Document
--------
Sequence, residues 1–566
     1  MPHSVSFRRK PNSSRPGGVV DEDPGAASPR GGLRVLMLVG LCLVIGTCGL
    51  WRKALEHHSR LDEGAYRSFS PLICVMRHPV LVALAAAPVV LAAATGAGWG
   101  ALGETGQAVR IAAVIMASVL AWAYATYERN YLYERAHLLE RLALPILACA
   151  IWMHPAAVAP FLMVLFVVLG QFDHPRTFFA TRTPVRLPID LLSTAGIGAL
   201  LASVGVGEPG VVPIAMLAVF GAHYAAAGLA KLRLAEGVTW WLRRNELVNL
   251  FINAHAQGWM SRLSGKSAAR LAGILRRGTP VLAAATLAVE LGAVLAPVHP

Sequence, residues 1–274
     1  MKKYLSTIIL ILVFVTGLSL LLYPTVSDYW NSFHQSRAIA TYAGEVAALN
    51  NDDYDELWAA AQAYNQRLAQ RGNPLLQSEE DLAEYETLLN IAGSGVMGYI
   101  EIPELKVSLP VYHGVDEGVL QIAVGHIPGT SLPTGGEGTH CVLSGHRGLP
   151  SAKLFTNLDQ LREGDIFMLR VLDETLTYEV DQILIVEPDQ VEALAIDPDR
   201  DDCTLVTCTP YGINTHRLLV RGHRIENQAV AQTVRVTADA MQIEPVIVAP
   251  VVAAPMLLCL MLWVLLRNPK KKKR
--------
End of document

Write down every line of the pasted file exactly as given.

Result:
Sequence, residues 1–566
     1  MPHSVSFRRK PNSSRPGGVV DEDPGAASPR GGLRVLMLVG LCLVIGTCGL
    51  WRKALEHHSR LDEGAYRSFS PLICVMRHPV LVALAAAPVV LAAATGAGWG
   101  ALGETGQAVR IAAVIMASVL AWAYATYERN YLYERAHLLE RLALPILACA
   151  IWMHPAAVAP FLMVLFVVLG QFDHPRTFFA TRTPVRLPID LLSTAGIGAL
   201  LASVGVGEPG VVPIAMLAVF GAHYAAAGLA KLRLAEGVTW WLRRNELVNL
   251  FINAHAQGWM SRLSGKSAAR LAGILRRGTP VLAAATLAVE LGAVLAPVHP

Sequence, residues 1–274
     1  MKKYLSTIIL ILVFVTGLSL LLYPTVSDYW NSFHQSRAIA TYAGEVAALN
    51  NDDYDELWAA AQAYNQRLAQ RGNPLLQSEE DLAEYETLLN IAGSGVMGYI
   101  EIPELKVSLP VYHGVDEGVL QIAVGHIPGT SLPTGGEGTH CVLSGHRGLP
   151  SAKLFTNLDQ LREGDIFMLR VLDETLTYEV DQILIVEPDQ VEALAIDPDR
   201  DDCTLVTCTP YGINTHRLLV RGHRIENQAV AQTVRVTADA MQIEPVIVAP
   251  VVAAPMLLCL MLWVLLRNPK KKKR